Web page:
6. Grow/buy some links (and be smart about it!)
  7. Over-communicate with your client(s)

Don’t get me wrong: there were a lot more than 7 steps in an SEO campaign.

But from 2000-2009ish, if you followed those 7 steps, you were probably very successful at whitehat SEO for e-commerce websites. It worked like a charm.

I reversed negative year-over-year organic search sales trends for several massive brands. I had numerous clients that experienced 100%+ year-over-year growth in organic search traffic during the holidays. I could pretty much take any e-commerce website to higher levels of organic traffic and revenue. In fact, it was not atypical to see ROI in the area of 50:1.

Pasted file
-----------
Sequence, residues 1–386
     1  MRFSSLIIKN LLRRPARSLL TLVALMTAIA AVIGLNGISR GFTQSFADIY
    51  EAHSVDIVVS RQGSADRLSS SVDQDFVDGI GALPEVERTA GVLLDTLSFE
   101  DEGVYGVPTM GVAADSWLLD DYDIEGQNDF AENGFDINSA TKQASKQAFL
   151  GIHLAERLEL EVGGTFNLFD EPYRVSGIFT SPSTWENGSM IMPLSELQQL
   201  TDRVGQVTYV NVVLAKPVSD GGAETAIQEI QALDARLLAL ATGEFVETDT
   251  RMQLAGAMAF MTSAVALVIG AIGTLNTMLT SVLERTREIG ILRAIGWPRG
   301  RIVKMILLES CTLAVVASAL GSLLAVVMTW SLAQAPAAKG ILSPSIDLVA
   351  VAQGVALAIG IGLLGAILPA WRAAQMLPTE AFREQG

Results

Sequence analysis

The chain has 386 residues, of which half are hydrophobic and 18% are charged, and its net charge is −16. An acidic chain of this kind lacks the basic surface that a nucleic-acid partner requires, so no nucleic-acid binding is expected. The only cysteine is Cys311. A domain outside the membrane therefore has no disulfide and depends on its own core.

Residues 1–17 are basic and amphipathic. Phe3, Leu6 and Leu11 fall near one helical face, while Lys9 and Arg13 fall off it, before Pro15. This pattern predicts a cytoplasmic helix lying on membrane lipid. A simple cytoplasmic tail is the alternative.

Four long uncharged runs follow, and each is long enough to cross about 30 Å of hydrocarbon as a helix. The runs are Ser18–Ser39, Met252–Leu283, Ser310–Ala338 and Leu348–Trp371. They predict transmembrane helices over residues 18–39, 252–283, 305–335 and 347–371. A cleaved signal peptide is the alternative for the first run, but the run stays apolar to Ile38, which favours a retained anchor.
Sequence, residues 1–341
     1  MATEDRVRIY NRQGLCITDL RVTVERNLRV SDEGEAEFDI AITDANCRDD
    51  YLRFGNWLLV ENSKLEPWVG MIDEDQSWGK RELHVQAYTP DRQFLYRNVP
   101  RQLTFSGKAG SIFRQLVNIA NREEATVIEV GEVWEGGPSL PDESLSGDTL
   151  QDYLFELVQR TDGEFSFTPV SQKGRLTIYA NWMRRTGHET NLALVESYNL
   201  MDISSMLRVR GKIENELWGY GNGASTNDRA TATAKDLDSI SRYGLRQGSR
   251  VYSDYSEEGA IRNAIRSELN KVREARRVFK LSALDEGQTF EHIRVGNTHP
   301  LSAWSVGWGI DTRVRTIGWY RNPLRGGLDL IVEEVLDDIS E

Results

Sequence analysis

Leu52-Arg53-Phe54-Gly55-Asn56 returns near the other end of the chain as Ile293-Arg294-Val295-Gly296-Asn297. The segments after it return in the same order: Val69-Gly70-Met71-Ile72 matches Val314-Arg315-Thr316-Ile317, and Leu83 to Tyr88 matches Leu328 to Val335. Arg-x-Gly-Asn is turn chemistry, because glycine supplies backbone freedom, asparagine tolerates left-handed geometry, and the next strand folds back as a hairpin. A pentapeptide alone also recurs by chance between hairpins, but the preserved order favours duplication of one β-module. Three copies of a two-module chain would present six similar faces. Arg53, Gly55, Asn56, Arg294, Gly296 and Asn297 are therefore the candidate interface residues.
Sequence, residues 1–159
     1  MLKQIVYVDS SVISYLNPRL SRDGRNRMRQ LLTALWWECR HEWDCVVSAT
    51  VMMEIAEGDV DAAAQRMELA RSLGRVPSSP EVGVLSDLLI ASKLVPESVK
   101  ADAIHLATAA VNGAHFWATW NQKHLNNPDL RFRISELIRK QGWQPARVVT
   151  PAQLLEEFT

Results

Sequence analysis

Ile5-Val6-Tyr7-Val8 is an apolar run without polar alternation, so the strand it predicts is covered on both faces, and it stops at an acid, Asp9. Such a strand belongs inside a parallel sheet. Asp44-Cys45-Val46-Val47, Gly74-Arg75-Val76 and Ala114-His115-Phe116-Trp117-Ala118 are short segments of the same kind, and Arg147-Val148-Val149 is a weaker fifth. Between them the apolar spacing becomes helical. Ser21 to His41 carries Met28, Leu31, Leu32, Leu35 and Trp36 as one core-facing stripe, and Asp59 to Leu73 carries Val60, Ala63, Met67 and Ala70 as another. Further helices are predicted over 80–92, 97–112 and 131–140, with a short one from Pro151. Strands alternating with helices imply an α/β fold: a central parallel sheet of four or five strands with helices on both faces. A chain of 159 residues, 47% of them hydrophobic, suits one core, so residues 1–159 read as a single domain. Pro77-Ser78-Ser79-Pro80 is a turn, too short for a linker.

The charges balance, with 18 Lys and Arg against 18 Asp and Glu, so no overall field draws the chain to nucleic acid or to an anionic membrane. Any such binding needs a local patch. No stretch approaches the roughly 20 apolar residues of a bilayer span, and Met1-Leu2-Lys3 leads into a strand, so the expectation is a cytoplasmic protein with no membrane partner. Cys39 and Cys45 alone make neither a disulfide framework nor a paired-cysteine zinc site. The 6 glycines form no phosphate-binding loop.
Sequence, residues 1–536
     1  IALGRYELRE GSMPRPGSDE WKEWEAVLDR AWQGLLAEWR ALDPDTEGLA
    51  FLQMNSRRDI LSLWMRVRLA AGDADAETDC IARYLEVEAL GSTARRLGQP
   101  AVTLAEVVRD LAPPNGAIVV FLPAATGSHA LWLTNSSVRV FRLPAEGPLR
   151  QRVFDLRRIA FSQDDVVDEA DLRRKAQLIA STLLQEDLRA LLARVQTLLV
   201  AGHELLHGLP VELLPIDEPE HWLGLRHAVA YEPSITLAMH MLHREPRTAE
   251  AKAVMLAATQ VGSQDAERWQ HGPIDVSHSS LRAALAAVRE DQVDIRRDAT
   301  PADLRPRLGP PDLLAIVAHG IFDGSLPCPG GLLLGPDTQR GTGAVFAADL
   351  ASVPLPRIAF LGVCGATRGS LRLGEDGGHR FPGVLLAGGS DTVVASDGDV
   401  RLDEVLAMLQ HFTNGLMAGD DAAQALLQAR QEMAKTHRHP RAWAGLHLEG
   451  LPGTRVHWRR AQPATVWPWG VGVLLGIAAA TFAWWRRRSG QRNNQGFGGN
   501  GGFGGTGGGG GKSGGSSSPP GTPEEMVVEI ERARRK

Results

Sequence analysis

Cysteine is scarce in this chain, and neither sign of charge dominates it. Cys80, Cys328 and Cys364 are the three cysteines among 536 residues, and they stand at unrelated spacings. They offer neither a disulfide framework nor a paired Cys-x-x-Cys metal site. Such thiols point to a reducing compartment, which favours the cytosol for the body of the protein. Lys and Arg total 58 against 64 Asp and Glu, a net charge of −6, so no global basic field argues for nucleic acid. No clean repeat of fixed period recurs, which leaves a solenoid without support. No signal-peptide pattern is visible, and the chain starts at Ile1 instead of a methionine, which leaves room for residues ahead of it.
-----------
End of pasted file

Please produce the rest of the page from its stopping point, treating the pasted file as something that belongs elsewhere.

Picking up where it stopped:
But, alas, these SEO strategies were not unique to me. These methods worked for a lot of SEOs. Back in those days, everyone could win at SEO. It truly was a golden age. And in my opinion, Google was begging for better SEO for all websites.

After all, better SEO makes things easier for Google, and it helps them find and return more relevant results. Even Google was enjoying the growth of marketing directors pumping more and more money in SEO.

During the Golden Age of SEO, you could go to any number of search conferences and listen to some of the world’s best SEOs publicly brag about whitehat and grayhat methods that worked. Bloggers were also posting about whitehat and grayhat SEO methods that worked.